Dr Miriam: We can't stop sparks flying.Byline: Dr Miriam Stoppard
MY partner and I are always arguing, most of the time about unimportant un·im·por·tant
Not important; petty.
unim·portance n. things.
I often try to talk to him nicely and calmly but he always responds by shouting and getting angry.
We're both in poor health and don't get out much, so we can't even escape for a walk to cool off. We're stuck together all day, every day, so I suppose it's unavoidable that we get on each other's nerves.
I can cope and manage except when we argue which is becoming more frequent. Neither of us has anywhere else to go but I can't take much more of these shouting matches.
ALTHOUGH they can be painful and unpleasant, arguments are common in all kinds of relationships. They happen between even the happiest and best-suited couples. And so they should. They are inevitable and essential. No one gets on perfectly 100 per cent of the time and there's nothing like a good row to clear the air and let off steam.
Arguing in itself is not necessarily a problem as long as neither of you treats the other with contempt. Disagreements don't have to end in hostile silence or a screaming match. Learning ways of handling discussions on emotive e·mo·tive
1. Of or relating to emotion: the emotive aspect of symbols.
2. Characterized by, expressing, or exciting emotion: topics and looking out for the patterns and triggers in your arguments can help you improve the situation.
By recognising what sparks your rows, and what keeps them going, you can avoid getting stuck in an "arguing rut". Do look for ways to end the row and make up. Don't make it a battle of wills by waiting for your partner to make the first move.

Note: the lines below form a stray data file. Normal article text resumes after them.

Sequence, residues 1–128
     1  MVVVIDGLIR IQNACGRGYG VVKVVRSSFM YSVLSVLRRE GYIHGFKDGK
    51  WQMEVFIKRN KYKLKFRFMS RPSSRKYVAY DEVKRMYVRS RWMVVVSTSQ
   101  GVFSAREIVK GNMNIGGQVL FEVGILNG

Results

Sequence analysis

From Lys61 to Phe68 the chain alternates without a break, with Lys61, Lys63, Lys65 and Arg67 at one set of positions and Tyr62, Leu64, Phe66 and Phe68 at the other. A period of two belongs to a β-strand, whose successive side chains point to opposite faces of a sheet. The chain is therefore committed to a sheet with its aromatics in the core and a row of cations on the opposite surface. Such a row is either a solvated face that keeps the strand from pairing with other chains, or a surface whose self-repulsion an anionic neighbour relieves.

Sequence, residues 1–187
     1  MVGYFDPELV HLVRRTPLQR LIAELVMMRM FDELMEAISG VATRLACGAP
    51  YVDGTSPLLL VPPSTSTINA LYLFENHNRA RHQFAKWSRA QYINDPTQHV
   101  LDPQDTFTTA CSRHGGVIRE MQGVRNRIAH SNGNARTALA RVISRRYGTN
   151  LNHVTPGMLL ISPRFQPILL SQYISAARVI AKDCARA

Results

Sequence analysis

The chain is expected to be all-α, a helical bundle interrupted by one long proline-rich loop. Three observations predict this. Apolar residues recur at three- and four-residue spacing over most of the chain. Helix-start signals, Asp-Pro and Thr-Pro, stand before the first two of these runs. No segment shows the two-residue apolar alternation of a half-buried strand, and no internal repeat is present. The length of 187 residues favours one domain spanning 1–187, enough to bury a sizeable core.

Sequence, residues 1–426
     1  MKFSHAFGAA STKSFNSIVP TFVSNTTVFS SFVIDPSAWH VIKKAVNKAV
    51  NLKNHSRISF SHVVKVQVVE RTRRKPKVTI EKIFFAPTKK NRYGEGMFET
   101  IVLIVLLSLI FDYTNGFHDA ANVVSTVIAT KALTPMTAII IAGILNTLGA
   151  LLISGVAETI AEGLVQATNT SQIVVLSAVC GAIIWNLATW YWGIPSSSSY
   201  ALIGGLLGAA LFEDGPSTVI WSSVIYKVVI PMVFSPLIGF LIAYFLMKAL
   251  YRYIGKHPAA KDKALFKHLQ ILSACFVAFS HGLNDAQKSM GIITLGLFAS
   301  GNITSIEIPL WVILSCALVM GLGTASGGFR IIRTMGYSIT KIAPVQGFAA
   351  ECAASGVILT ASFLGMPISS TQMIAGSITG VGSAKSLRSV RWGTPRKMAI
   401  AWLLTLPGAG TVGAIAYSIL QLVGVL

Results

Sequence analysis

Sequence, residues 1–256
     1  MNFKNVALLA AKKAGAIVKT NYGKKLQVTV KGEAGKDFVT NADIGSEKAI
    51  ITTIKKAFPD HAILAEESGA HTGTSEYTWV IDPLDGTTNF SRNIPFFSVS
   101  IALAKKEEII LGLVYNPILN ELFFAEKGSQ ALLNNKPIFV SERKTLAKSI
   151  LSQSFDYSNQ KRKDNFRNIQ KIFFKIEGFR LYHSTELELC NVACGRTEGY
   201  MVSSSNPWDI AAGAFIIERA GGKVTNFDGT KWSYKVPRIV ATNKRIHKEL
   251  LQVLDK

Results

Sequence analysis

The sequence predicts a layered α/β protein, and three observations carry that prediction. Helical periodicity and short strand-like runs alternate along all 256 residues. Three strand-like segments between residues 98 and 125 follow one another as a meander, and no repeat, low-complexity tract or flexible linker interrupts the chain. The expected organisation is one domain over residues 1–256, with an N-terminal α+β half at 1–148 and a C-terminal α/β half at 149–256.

Is your mood being affected by your mutual illness? I believe your poor health is a prime cause as there's nothing more frustrating frus·trate
tr.v. frus·trat·ed, frus·trat·ing, frus·trates
a. To prevent from accomplishing a purpose or fulfilling a desire; thwart: than being chronically unwell. You're taking your exasperation Exasperation
See also Frustration, Futility.
Marine corps sergeant exasperated by Gomer’s ceaseless stupidity. [TV: “Gomer Pyle, U.S.M.C. out on each other.
It's impossible to have a proper discussion with someone who has lost their temper. If either of you feels very angry, stop your discussion or the row will get worse.
You should always stick to the issue in hand - don't bring up previous bad behaviour. And don't argue over trivia such as who misplaced mis·place
tr.v. mis·placed, mis·plac·ing, mis·plac·es
a. To put into a wrong place: misplace punctuation in a sentence.
b. the remote control.
Start sentences with "I" - like, "I felt annoyed when you..." rather than, "You annoyed me when...".
Who wins is irrelevant if your relationship loses something. Always try to confront the issue - not each other.
FURY: Sick of being shouted at